12. 12. INTRODUCTION TO cGMP  Legal basis for cGMP  What does that “c” mean?  General Principles May 2008 P Pekos
  13. 13. FD & C Act; 501 (a) (2) (B)  “A drug shall be deemed adulterated if: • … the methods used in, or the facilities or controls used for its manufacture, processing, packing or holding do not conform to or are not operated or administered in conformity with current good manufacturing practice to assure that such drug meets the requirements of this Act as to safety and has the identity and strength, and meets the quality and purity characteristics, which it purports or is represented to possess.” May 2008 P Pekos
  14. 14. cGMP Legal Principles  Quality must be built into product • By “taking care” in making medicine • Can’t test quality into product  Missing or inadequate cGMP risk harm • Products(s) may be adulterated (defects need not be shown before action brought) • Firm is responsible May 2008 P Pekos
  15. 15. cGMP Legal Principles  Non-compliance may lead to your product failing to meet your label claims: • Super-potency or sub-potency • Contamination • Misbranding • Bioavailability (e.g., altered pharmacology) • Safety and efficacy  The mere risk of harmful consequences justifies legal action and remedy! May 2008 P Pekos
  16. 16. cGMP Legal Principles  “c” = “Current” = Dynamic • Standards evolve over time, e.g., ICH efforts of the past decade, and US process overhaul underway right now* *  “Good” Practices • Minimal acceptable standards • Not necessarily “best practices” • Unless “best” is, in fact, the current minimal May 2008 P Pekos
  17. 17. cGMP Legal Principles  Feasible and valuable • No “percentage” in practice threshold • Doesn’t have to be “predominant” • Enforceable even if no one else is currently practicing it • Although a stronger case is made if someone else has adopted that practice May 2008 P Pekos
  18. 18. cGMP Scope  Any ingredient (including excipients)  Finished dosage forms administered to humans and/or animals • OTC, Rx products • Biologics, veterinary drugs • Drugs undergoing study (IND)  Manufacturers, test laboratories, packagers (including pharmacies), and warehouses May 2008 P Pekos
  19. 19. Excluded from cGMP  Drug products compounded per Section 503 Pharmacy Compounding (FDAMA)  Position Emission Tomography (PET) agents, but draft rule published in 2007 suggests these will be covered too: • May be met by producing PET drugs in accordance with the United States Pharmacopeia (USP) general chapter on compounding PET radiopharmaceuticals May 2008 P Pekos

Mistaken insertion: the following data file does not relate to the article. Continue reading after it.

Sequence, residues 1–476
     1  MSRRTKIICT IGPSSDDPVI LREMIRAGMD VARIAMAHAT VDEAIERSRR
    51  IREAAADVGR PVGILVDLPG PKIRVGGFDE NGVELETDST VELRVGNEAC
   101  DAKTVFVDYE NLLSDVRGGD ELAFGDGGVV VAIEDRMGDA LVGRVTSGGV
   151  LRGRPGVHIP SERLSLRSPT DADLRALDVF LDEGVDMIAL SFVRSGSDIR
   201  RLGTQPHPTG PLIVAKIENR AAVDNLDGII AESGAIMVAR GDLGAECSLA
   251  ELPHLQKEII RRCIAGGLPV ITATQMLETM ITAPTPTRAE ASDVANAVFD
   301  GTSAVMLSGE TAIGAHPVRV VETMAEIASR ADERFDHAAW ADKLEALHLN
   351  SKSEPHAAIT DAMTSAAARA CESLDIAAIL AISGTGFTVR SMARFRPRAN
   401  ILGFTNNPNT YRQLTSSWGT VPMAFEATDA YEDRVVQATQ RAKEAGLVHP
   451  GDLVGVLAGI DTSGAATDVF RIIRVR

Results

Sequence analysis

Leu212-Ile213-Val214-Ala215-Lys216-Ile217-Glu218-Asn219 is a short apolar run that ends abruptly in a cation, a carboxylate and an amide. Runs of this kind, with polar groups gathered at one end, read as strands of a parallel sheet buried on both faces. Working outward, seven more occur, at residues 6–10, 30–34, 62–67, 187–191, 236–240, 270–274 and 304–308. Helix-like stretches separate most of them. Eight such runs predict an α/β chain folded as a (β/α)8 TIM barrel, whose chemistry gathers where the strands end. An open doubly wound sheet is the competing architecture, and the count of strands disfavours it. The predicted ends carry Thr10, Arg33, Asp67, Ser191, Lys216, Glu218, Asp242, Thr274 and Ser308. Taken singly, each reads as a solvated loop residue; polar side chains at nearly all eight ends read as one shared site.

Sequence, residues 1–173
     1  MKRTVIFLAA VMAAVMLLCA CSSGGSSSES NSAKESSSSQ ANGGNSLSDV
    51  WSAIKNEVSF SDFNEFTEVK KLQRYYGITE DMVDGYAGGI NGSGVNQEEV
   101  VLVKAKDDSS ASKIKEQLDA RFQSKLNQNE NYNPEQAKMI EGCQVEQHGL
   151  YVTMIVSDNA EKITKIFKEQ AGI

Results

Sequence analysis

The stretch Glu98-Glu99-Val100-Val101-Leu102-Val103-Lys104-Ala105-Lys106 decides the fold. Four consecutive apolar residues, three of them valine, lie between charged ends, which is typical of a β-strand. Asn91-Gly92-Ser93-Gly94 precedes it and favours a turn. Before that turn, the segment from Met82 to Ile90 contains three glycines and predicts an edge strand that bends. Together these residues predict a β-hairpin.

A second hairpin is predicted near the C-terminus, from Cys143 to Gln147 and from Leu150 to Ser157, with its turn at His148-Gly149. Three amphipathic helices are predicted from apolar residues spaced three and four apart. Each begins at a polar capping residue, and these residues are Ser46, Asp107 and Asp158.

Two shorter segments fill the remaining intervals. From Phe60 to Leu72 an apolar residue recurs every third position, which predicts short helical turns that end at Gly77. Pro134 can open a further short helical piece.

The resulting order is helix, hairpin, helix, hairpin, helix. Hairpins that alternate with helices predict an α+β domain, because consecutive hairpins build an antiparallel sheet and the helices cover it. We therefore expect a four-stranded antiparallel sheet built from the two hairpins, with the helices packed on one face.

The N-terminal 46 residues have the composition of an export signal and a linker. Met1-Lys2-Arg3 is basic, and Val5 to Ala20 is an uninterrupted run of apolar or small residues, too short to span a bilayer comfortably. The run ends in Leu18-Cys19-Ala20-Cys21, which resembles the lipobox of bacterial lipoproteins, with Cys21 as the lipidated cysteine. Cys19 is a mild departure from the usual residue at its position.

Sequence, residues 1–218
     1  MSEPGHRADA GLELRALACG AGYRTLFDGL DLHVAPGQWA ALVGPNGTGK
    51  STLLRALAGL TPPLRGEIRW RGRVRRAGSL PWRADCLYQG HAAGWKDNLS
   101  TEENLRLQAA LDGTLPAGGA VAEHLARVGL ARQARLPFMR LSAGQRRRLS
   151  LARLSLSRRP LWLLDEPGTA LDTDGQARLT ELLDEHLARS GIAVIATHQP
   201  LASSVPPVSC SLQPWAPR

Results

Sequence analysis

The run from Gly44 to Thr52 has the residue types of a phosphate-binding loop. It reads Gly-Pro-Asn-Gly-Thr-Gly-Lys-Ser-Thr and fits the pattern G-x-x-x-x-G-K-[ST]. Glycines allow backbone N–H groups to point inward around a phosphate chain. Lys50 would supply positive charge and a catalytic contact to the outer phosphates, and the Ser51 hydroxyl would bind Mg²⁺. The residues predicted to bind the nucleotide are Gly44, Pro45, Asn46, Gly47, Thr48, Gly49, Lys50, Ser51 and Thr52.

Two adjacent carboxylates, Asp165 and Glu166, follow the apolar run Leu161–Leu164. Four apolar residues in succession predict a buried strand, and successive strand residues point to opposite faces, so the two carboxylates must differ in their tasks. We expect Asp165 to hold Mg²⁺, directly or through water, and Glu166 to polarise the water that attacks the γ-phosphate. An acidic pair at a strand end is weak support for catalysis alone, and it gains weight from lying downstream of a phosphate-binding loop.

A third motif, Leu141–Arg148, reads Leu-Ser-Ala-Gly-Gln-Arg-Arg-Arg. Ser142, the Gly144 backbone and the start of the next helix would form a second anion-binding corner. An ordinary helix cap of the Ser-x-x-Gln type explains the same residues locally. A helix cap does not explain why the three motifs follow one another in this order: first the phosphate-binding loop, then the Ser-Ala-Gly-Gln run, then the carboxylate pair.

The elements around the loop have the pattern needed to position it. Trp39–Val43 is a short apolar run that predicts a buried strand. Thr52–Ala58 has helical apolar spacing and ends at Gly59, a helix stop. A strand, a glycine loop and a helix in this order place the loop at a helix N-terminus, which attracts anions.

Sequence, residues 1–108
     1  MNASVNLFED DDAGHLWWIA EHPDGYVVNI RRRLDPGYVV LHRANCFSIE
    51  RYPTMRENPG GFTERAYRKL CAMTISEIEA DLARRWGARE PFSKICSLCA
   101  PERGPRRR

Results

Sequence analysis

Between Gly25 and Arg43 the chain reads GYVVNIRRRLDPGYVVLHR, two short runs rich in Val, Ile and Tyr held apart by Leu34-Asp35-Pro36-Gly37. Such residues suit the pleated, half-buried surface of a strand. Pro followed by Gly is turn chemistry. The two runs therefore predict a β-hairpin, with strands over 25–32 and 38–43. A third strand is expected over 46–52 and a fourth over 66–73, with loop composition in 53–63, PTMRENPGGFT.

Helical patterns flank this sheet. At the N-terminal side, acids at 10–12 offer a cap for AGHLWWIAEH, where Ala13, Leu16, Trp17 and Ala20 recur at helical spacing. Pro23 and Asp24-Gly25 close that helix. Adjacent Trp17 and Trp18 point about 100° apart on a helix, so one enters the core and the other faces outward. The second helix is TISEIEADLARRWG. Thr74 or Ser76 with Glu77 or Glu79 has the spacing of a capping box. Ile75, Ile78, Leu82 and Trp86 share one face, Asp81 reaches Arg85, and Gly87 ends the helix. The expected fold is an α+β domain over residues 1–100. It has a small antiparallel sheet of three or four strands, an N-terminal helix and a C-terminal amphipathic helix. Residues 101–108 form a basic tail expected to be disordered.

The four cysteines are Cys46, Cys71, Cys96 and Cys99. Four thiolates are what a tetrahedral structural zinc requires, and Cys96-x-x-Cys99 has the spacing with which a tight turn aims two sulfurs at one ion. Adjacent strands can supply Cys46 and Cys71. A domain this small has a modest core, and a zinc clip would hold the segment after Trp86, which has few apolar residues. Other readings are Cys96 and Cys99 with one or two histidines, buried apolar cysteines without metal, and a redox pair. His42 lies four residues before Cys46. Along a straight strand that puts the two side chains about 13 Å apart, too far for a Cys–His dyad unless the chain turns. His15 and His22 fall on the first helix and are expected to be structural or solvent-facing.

20. 20. General cGMP Responsibilities  Prepare, review, approve and distribute SOP  Ensure adequate qualifications, training, and experience for personnel operating under cGMP  Follow SOP and MBR  Review MBR and executed BR  Evaluate all deviations, investigate and resolve critical deviations  Ensure sanitary facilities  Calibrate and maintain equipment and facilities, and document that maintenance  Review and approve validation protocols and reports  Establish a change control process May 2008 P Pekos
  21. 21. General Quality Principles  Quality is everyone’s job  Establish a Quality  Sponsors must establish a Control Unit (QCU) quality system • Independent of production management  Responsibilities must be • Responsible for QC and clearly stated QA (QA could be done  Real-time quality records separately)  Investigate all deviations • Notification process for defects, recalls,  Quarantine before release inspections, and serious GMP deficiencies May 2008 P Pekos
  22. 22. Quality Control Unit  Must be involved in all  Cannot delegate main quality issues responsibilities  Must review and • Lot release or rejection approve all quality- • Establishing raw related documents material, WIP, packaging and labeling acceptance  (See: Quality Systems system Regulation, 21 CFR • Batch record review prior part 820) to release • Deviation investigation resolution • Quality audits and validation reviews • Stability data May 2008 P Pekos
  23. 23. Content of IND Item 7: CMC [21 CFR 312.23 (a) (7)] May 2008 P Pekos
  24. 24. Item 7 of the IND: CMC  7.1 Introduction  7.2 Drug Substance  7.3 Drug Product  7.4 Diluent (if applicable)  7.5 Placebo (if applicable)  7.6 Test Procedures  7.7 Environmental Assessment May 2008 P Pekos
  25. 25. Introduction: Section 7.1  Drug Substance/Product  Container/closure description: description • chemical name, structure,  Diluent used to administer physical, chemical, and/or product, if applicable biological characteristics,  Name, address, and and generic name (if description of each location available) and internal ID used in the manufacture of code. the Product and  Names and amounts of Substance(s) Drug Substance(s) used in • Reference existing IND or DMF if available, if not, Product provide, floor plans,  Names and amounts of equipment lists, and excipients, including material flows for each location preservatives or delivery  Summary flow chart of enhancers manufacturing process May 2008 P Pekos